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HP Pushes Storage Infrastructure Economics

12:55 PM -- In its latest storage announcement, HP focused on helping its customers improve their storage infrastructure economics. In the current economic climate, HP is faced with the challenge of trying to convince customers that spending money on its products is a better economic decision than just cutting spending.

Overall, HP believes customers should revisit how they produce, distribute, and consume technology resources. To achieve this, HP describes three basic IT strategies that customers can pursue: 1) standardize, optimize, and automate; 2) prioritize for business value; and 3) deploy flexible sourcing. Among the economic benefits that can result from these actions are reduced operational costs and elimination of waste.

From a storage perspective, HP focused on the "standardize, optimize and automate" action. The announcement had three major product components.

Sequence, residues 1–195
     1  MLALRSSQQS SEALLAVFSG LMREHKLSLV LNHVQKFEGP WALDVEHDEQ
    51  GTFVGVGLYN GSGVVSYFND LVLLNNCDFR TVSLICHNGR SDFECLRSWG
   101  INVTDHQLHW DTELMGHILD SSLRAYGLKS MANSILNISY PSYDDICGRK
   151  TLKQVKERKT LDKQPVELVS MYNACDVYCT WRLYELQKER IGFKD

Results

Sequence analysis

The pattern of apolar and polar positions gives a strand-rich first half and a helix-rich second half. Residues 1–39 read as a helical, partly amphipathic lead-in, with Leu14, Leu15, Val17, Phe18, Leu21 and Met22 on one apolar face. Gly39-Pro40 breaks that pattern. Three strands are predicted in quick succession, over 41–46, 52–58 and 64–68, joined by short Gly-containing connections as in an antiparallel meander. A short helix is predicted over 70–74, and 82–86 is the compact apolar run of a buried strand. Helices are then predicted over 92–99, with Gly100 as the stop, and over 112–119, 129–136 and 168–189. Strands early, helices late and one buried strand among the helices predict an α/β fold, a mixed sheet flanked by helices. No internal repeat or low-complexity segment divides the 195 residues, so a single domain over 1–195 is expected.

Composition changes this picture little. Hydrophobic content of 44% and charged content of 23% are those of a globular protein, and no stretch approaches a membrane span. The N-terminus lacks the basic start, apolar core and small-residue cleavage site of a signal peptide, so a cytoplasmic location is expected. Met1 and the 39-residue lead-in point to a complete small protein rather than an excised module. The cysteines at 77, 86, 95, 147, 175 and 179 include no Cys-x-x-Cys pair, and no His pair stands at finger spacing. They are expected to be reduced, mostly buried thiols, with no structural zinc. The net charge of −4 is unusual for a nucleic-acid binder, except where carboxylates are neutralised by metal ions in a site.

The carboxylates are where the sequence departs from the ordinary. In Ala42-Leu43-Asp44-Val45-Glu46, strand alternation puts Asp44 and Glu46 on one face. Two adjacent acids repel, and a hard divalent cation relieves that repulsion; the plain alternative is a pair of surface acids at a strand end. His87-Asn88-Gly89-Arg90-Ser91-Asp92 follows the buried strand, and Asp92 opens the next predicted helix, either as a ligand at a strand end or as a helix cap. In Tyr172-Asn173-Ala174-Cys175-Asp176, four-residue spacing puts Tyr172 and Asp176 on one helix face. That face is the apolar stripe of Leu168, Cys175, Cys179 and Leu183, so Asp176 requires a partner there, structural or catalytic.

SAN Virtualization Services Platform -- The goal of HP's SVSP is to provide storage virtualization to improve SAN economics. Through the centralized management of virtual storage pools and a broad set of data services, SVSP enables the pooling and sharing of storage resources with the expected direct customer economic benefits of improving efficiency, simplifying operations, and lowering TCO. In fact, HP makes some impressive claims with regard to SVSP: improving asset utilization by 300 percent, saving on administrative costs by managing three times more storage and two times more servers per administrator, and improving operational efficiency by shrinking backup times by up to 80 percent. These numbers should make customers sit up and take notice.

HP StorageWorks Enterprise Virtual Array -- HP also announced two new products at the high end of its EVA family -- the EVA6400 and the EVA 8400. EVA is HP's home-grown storage line, targeted at mid-market and enterprise-class customers who do not need the very high-end XP product line. HP claims five nines availability for the EVA architectures, which translates into unplanned downtime of only a few minutes per year.

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